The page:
First responder bill 2 weeks away from possible hearing
Lawmakers want to be 'responsible' with taxpayers' money
ORLANDO, Fla. – State Rep. Mike Miller (District 47), told News 6 Monday there is plenty of work ahead to craft a bill that would recognize PTSD as “compensable” under workers' comp laws.
“We’re moving the ball, let’s put it that way,” Miller said. “We want to be very good and very responsible on how we apply funds.”
Miller’s HB 1019, would address the workers' comp issue and recognize post-traumatic stress disorder as an injury.
It was filed last Thursday but hasn’t been referred to committee.
There are two versions of the bill on the Senate side, filed by state Sens. Victor Torres of Orlando and Keith Perry of Gainesville.
Sources told News 6 a compromise between the lawmakers may be needed before the banking subcommittee reviews a version of the proposed legislation in two weeks.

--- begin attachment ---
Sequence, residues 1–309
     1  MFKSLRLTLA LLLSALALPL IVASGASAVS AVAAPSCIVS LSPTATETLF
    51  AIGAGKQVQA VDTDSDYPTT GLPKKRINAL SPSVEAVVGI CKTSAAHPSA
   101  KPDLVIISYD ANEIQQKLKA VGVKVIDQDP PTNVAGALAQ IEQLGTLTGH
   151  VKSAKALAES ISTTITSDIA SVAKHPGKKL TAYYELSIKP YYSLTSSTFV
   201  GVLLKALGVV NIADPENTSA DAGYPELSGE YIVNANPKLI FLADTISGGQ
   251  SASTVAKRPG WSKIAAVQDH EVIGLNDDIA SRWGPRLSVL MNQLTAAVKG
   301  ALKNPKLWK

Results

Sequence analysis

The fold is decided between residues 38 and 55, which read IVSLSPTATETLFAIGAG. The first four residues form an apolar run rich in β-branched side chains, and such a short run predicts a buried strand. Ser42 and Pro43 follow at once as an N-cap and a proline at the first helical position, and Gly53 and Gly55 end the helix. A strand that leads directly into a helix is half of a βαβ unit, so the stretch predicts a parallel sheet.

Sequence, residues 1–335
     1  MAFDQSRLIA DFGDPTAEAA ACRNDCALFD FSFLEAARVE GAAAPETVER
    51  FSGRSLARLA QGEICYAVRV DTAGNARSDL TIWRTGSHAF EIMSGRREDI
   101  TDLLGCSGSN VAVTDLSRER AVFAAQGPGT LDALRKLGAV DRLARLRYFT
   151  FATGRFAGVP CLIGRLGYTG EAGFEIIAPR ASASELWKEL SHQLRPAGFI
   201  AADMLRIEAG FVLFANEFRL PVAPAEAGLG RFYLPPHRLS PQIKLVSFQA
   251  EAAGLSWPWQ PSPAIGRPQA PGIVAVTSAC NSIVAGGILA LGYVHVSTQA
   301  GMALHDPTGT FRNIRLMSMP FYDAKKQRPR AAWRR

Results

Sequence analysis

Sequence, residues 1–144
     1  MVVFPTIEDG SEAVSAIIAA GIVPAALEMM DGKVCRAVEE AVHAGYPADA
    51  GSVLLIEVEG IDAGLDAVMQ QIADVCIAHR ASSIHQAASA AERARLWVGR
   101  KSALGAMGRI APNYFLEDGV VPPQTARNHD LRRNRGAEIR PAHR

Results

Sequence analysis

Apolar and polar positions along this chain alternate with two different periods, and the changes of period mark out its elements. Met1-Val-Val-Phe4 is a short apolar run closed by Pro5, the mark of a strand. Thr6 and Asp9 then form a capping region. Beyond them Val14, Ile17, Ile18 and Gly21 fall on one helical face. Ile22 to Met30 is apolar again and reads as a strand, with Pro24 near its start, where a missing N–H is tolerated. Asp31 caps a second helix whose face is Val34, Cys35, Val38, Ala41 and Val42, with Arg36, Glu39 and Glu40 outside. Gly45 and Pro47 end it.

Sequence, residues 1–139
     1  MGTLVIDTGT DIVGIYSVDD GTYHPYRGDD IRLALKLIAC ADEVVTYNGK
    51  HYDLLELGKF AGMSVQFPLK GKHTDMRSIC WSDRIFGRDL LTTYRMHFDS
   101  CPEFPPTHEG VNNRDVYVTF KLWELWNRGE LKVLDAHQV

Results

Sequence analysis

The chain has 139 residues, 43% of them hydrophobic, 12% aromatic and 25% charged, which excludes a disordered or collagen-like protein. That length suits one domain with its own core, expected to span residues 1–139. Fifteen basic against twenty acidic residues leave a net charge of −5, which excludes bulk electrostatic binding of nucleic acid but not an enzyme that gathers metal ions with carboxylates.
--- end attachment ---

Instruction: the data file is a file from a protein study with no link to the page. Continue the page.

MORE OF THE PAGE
The push for first responder legislation has been led by the Blue and Red Movement founded by Jessica Realin, wife of Pulse shooting first responder Gerry Realin.
Jessica told News 6 Monday that Pulse owner Barbara Poma signed the group’s petition and would “speak on behalf of the movement” to change the law.
While the Blue and Red Movement continues to gather support, the Dark Side Project has collected dozens of video testimonials from firefighters struggling with PTSD.
Founder James Geering told News 6 the connection has helped a lot of men and women.
“The real impact I think is the interaction between people," Geering said.
As talk of the proposed legislation gained support, more first responders have gone public to share their stories.
Retired Orlando firefighter David Stern said PTSD made it impossible for him to continue the job he loved.
“That hurts," he said. "I feel like I didn’t finish the race -- not that I didn’t try my hardest, but I couldn’t even finish.”
People interested in supporting the Blue and Red Movement can visit the petition here.
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